You shouldn't be satisfied with simply making a profit. There are several ways to maximise your profit margins by manipulating the way you price your products or services. Suppose, for example, a printed product such as a calendar is planned. Sales of 10,000 are forecast at a unit price of £1 on a costs-plus-profit basis. If the print run is increased by another 10,000 copies, the direct costs of these extra run-on copies will be far cheaper. So if you can unload the additional 10,000 elsewhere by charging, say, only 25p each you are showing an extra profit. Marginal pricing – the risks But be warned that marginal pricing is playing with fire. If your normal customers discover that others are getting your product at a quarter the price you will have killed your market in one stroke. Make sure the dumped products are sold well away from your usual market – ideally in another country entirely – and don’t make a habit of it. Discriminatory pricing Another approach – a safer one than marginal pricing – is known as discriminatory pricing. With this, prices are modified according to differences in customers, locations and products. There are five different forms of discriminatory pricing:- Customer segment pricing:
Different customer groups are charged different prices for the same product (eg museums charge a lower admission rate for students). Product-form pricing:
Different versions of the product are priced differently, but not proportionately to their respective costs (eg bottled mineral water – £1 for a litre bottle, 60p for a 25cl bottle and £1.99 for a 100ml moisturiser spray). Image pricing:
The product can be sold at two different levels, based on image differences Location pricing:
The same product is priced differently at different locations, even though the cost of the offering is the same (eg seats are more expensive in Odeon cinemas in London than in the rest of the country). Time pricing:
Prices are varied by season, time or demand (eg peak and off-peak phone calls). Another version of this is yield pricing in the travel industry where prices are lowered at the last minute to fill planes, ships and hotels. There are also several other methods of increasing profit: Psychology Psychology in price points is often applied in consumer goods – 99p instead of £1; £9.95p instead of £10, etc. Martin Smith, director of the Millennium agency, says the original objective of this type of pricing was not to delude customers, but to foce sales assistants to go to the cash drawer to give change, rather than pocketing proceeds. Product Uniqueness Mike Pearce, chairman of London marketing agency TSM, says: “Define the sector you are competing in, identify the key competitors, analyse their pricing and relate that to your own cost structure. “Don’t go into the market with a me-too product at a me-too price. If your product is unique or different, you have a degree of pricing elasticity. The uniqueness may not be in the product itself but a function of your customer care and after-sales service.” Marketing communications specialist Richard McCann recently completed a book which examines what he calls ‘time famine’. He suggests that it is just as critical to apply the ‘value for time’ test as that of ‘value for money’ when pricing your products and services. McCann notes that: “Some suppliers, realising that customers can become irritated if forced to wait too long, have developed a system of ‘queue-busting’ whereby experienced staff are held in reserve ready to attack the delays.”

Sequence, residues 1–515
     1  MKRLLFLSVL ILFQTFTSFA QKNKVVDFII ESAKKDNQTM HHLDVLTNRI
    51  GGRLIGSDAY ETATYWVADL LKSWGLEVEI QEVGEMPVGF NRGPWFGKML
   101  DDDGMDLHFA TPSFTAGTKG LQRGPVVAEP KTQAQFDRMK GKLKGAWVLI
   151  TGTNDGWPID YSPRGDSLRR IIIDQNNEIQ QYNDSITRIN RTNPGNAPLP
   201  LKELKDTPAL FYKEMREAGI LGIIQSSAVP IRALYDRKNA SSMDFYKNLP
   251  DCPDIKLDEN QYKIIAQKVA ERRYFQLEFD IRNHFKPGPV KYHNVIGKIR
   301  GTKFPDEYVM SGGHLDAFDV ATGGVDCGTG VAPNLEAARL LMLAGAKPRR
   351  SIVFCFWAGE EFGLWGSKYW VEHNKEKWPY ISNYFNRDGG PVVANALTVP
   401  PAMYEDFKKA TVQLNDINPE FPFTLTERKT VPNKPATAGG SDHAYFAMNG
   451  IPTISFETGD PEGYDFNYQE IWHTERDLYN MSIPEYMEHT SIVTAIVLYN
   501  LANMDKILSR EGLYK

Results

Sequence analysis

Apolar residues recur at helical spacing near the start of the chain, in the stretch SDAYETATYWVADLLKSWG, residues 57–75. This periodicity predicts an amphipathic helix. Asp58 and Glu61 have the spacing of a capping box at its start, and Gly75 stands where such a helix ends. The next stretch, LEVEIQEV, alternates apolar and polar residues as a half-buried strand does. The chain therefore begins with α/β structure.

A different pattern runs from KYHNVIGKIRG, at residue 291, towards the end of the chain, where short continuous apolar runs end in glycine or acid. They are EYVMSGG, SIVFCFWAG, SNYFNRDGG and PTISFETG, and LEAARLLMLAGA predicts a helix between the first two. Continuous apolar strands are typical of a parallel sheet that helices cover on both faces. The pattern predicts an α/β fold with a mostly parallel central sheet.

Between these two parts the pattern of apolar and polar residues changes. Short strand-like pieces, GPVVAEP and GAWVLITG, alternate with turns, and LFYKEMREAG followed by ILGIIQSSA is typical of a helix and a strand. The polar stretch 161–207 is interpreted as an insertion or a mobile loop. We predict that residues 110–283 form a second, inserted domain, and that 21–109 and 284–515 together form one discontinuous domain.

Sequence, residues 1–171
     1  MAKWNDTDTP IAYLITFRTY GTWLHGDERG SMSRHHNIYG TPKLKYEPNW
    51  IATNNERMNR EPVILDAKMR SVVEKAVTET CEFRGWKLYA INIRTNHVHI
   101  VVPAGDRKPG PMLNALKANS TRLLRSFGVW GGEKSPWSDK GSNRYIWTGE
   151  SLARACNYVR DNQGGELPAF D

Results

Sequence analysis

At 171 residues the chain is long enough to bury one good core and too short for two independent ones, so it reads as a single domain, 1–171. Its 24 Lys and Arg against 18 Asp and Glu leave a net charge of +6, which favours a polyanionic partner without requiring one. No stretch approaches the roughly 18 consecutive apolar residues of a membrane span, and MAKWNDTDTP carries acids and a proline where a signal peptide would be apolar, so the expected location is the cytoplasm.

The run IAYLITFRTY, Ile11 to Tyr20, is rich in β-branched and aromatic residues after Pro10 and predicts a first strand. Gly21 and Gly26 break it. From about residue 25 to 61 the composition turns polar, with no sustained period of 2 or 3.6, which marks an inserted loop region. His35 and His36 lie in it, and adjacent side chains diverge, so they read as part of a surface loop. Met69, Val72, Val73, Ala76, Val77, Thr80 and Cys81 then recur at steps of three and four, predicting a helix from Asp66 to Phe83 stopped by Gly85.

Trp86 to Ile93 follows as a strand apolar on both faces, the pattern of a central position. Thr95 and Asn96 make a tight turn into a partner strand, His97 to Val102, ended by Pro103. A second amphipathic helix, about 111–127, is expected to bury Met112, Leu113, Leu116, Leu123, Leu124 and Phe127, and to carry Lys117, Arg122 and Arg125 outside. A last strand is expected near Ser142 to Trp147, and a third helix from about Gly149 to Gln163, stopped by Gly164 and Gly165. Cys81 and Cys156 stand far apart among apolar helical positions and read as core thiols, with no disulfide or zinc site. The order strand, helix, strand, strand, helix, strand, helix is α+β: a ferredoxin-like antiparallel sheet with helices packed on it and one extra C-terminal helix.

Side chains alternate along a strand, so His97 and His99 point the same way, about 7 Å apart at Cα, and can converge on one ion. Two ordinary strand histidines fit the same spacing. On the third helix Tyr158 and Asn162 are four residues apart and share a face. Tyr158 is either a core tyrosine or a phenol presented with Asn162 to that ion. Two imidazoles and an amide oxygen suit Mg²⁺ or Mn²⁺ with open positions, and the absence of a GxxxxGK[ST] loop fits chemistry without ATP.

This illustrates how the price of products is not seen by the purchaser simply in terms of what is the cheapest. Price, McCann says, “is one element in the total bundle of satisfactions.”